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Islamabad Pakistan

Amid a revival of TTP, senior military officials promise to combat terror.

COAS promise to combat terror.

According to ISPR, the Corps Commanders’ Conference expressed a commitment to fighting terrorists in all cases equally.

ISLAMABAD: In light of the proscribed Tehreek-e-Taliban Pakistan’s comeback, the top military commanders decided on Wednesday to combat terrorism without discrimination (TTP).

Army Chief General Syed Asim Munir oversaw the two-day Corps Commanders Conference, which included a “complete examination of professional and organisational concerns.”

In a statement released by the Inter-Services Public Relations, it was stated that “it was resolved to battle against terrorists without any difference and eliminate this menace as per the aspirations of the people of Pakistan” (ISPR).

This was the second corps commanders conference presided over by Gen Asim but the military’s media wing didn’t issue any statement after the first meeting he chaired soon after being appointed as the army chief.

The statement of the 254th corps commanders conference was brief and confined strictly to the professional matters of the army. This clearly suggests a new approach under Gen Asim. Though no further details were available, it is understood the top brass discussed and reviewed the internal security with focus on the spike in terrorist attacks.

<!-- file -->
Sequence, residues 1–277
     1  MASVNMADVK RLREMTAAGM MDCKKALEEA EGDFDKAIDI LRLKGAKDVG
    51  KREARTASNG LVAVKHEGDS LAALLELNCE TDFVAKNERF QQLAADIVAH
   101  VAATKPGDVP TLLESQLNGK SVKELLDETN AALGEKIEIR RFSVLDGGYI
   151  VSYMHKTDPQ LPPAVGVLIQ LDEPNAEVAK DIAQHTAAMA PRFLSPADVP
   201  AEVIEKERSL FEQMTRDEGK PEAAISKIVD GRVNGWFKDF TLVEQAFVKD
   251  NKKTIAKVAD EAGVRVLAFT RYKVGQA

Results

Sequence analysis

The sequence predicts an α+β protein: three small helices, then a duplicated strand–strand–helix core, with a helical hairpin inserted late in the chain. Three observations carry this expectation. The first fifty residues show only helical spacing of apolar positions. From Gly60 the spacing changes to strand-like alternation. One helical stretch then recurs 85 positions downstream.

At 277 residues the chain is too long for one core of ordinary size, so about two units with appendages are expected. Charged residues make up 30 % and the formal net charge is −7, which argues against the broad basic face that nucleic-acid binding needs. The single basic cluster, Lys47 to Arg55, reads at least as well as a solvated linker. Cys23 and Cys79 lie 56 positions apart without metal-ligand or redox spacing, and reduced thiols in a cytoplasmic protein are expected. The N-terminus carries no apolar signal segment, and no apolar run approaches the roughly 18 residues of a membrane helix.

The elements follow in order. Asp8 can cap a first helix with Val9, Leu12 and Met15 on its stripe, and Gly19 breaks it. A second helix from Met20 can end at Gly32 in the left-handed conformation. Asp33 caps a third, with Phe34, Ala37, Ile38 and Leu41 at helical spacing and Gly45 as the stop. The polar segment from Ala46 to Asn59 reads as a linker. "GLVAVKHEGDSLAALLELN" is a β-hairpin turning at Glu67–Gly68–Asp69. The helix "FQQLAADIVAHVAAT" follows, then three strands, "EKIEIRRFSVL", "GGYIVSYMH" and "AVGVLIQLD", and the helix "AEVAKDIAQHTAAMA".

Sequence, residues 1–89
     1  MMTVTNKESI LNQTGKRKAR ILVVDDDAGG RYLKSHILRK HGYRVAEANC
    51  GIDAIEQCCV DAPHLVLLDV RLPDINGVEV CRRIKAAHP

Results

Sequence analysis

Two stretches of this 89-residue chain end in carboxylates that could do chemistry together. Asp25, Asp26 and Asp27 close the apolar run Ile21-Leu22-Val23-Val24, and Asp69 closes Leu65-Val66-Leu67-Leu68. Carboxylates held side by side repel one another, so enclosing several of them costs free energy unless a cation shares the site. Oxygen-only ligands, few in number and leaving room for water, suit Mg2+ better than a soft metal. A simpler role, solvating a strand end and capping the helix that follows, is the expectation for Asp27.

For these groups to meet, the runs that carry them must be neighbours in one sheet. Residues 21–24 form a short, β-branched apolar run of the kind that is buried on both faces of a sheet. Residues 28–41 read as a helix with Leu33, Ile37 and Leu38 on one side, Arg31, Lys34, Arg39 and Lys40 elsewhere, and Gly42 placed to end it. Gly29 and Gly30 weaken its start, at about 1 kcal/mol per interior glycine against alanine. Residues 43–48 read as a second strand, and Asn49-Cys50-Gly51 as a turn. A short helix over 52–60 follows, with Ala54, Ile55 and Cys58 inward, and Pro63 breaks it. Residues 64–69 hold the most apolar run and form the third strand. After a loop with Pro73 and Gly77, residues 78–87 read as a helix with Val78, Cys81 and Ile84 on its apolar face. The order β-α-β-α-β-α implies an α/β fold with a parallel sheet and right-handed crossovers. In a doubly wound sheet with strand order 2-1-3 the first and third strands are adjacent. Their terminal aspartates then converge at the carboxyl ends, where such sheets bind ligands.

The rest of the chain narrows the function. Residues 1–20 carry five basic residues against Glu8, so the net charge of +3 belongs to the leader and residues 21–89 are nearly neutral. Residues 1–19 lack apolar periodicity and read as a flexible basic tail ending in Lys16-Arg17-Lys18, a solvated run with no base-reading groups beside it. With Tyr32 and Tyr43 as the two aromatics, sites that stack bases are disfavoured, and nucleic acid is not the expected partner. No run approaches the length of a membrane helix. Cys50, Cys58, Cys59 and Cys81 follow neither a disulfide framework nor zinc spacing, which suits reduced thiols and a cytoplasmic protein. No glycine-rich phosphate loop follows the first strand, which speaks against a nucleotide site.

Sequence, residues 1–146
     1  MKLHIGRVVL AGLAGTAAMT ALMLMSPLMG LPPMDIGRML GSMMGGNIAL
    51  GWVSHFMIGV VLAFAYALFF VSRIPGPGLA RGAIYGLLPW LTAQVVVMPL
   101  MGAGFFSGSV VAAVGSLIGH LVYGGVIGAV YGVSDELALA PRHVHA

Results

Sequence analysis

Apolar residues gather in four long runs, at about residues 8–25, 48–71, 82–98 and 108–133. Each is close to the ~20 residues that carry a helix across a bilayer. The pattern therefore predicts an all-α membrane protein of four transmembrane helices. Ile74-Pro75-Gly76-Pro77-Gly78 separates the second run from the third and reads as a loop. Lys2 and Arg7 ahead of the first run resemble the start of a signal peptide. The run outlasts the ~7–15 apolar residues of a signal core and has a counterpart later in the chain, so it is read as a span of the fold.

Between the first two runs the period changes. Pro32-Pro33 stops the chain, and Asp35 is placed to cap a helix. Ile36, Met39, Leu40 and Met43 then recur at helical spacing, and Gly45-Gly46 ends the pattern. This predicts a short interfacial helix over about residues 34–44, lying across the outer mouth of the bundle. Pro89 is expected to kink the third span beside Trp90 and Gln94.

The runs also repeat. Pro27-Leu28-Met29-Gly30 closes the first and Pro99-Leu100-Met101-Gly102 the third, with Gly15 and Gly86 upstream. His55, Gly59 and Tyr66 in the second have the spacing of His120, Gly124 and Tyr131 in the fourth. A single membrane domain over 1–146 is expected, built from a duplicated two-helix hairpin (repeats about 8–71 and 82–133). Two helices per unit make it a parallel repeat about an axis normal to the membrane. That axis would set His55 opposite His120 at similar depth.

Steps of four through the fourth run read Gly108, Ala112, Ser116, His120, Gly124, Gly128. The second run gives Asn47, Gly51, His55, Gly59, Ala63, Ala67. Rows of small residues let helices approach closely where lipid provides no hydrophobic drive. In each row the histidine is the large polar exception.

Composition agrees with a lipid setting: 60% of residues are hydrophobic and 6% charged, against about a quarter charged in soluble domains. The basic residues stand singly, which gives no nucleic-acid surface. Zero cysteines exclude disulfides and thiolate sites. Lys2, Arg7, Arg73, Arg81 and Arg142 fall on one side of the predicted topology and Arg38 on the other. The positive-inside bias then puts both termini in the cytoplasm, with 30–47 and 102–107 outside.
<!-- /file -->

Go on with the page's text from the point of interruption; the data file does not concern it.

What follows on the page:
As many as 420 terrorist attacks took place since the Afghan Taliban returned to power in August last year. In the last three months alone, the banned TTP claimed responsibility for 141 attacks. Last week a suicide attack happened in Islamabad. It was the first such incident since 2014, raising specter of another wave of terrorism.

Islamabad’s security has since been put on a high alert with certain diplomatic missions issuing advisories asking their nationals to prohibit their movement.

The US, UK, Australia and Saudi Arabia have advised their respective citizens to avoid visiting a five star Hotel in the capital due to a possible threat of a terrorist attack. The hotel came under one of the worst terrorist attacks in September 2008 when a dumper laden with explosives struck in front of the luxury hotel located in a high security zone.

Despite this, the security situation has greatly improved as a result of the recent decline in the number of terrorist strikes in Islamabad. The rise in TTP-sponsored attacks has forced civil and military officials to reevaluate the previous administration’s strategy. The influential National Security Committee (NSC) is scheduled to meet soon to make a decision in this regard.

In light of the increasing spike in terrorist assaults, Prime Minister Shehbaz Sharif recently indicated that the NSC would conduct a thorough review of the policy.

A massive military offensive to counter the new wave of terrorism is not ruled out given the situation on the ground in some districts of Khayber-Pakhtunkhwa and the former tribal regions. It is believed the army under the new leadership has devised its strategy and will give input to the NSC on the matter.